Eisai’s breast cancer drug Halaven could soon be available in Europe to treat liposarcoma, after regulatory advisors backed expanding its use.

Liposarcoma is a specific type of soft tissue sarcoma that occurs in fat cells. The disease is rare and has a poor prognosis - just 50 percent of patients are expected to live five years. 

According to Eisai, Halaven (eribulin) is the first and only single agent therapy to show a significant survival advantage in this type of soft tissue sarcoma.

The Committee for Medicinal Products for Human Use endorsed the new indication for the drug after Phase III data showed a median 7.2 month increase in overall survival compared to dacarbazine (15.6 months versus 8.4 months) for patients with unresectable advanced or metastatic liposarcomas.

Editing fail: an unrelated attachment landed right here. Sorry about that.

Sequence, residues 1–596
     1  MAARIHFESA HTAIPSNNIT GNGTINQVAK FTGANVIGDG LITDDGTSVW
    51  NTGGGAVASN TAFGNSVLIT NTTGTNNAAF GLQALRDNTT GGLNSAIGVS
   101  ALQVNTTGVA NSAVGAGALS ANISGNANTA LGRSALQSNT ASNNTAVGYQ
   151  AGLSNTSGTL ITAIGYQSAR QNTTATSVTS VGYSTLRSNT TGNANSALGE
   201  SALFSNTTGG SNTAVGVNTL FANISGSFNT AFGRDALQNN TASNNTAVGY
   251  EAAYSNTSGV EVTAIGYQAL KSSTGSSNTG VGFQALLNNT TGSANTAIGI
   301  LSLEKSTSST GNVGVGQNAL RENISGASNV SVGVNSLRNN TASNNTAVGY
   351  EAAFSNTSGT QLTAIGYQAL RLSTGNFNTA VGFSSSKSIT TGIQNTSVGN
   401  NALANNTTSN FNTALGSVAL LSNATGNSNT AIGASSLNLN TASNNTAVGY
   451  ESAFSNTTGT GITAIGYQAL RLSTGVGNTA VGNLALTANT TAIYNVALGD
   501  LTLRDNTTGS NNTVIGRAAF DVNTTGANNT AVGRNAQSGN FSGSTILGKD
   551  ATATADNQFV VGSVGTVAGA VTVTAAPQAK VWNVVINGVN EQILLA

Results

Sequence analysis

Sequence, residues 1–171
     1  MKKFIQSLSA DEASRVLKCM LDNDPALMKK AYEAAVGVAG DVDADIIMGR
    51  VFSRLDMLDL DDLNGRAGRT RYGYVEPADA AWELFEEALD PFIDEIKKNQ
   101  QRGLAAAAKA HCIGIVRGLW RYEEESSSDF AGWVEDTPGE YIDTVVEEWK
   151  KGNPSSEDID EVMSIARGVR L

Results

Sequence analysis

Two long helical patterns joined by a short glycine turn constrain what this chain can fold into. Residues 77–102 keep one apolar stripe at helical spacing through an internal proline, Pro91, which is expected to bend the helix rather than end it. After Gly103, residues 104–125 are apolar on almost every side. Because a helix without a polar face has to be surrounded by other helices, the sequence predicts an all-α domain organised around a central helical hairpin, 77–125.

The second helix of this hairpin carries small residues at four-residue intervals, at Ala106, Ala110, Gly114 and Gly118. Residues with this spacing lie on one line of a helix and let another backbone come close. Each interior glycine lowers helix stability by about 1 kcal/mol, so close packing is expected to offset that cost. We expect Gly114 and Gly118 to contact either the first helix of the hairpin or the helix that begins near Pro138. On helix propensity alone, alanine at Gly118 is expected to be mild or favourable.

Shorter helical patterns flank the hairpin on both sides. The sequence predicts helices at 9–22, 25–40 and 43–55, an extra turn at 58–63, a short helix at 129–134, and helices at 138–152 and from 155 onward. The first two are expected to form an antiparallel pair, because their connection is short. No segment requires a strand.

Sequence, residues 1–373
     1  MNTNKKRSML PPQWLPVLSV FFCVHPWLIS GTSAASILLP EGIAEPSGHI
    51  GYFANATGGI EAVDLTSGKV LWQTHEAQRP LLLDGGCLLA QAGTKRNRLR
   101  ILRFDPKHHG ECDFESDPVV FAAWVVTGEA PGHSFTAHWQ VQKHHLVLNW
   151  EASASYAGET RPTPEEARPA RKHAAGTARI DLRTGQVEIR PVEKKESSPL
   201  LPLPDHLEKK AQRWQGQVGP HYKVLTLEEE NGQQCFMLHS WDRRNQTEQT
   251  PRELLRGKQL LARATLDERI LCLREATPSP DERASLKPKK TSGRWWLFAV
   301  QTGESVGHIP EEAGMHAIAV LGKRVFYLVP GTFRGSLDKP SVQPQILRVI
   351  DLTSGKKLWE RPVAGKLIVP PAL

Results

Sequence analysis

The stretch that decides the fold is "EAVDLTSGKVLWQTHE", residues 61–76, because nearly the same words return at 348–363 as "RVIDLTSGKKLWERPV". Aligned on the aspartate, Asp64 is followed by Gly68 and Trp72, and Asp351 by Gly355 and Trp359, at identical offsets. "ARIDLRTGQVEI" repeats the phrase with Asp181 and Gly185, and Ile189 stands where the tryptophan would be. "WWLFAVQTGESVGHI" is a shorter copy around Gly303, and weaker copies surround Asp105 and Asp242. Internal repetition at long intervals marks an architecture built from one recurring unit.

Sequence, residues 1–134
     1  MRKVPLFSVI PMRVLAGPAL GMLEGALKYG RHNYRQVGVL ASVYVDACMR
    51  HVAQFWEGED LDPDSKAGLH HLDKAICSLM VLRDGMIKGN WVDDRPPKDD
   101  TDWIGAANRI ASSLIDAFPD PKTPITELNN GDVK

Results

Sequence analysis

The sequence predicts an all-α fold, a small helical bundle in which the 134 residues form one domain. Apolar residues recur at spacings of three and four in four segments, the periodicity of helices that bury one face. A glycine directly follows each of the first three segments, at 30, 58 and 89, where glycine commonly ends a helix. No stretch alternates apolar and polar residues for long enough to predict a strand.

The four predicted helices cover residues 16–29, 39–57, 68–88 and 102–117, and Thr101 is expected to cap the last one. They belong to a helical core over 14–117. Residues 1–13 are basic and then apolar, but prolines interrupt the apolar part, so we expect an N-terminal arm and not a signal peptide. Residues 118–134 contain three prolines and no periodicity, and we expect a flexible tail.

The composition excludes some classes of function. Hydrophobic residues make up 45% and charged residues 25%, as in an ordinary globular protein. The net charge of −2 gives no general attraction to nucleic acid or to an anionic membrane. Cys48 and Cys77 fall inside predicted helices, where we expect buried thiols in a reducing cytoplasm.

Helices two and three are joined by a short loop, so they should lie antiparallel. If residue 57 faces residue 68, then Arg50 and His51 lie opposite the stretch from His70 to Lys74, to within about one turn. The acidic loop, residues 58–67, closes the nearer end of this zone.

The study also showed the most common side effects to be fatigue, nausea, hair loss, constipation, peripheral neuropathy, abdominal pain and fever, as well as low levels of infection-fighting white blood cells or decreased levels of potassium or calcium.

Those of a more serious nature include a decrease in white blood cell count, which can increase the risk of serious infections that could lead to death; neuropathy; harm to a developing foetus; as well as changes in heartbeat (QTc prolongation), that could lead to death.

Halaven, which belongs to a class of antineoplastic agents, the halichondrins, that are derived from the marine sponge Halichondria okadai, was first approved for breast cancer in the US in 2010 and in the EU in 2011, and also won FDA clearance for liposarcoma back in January.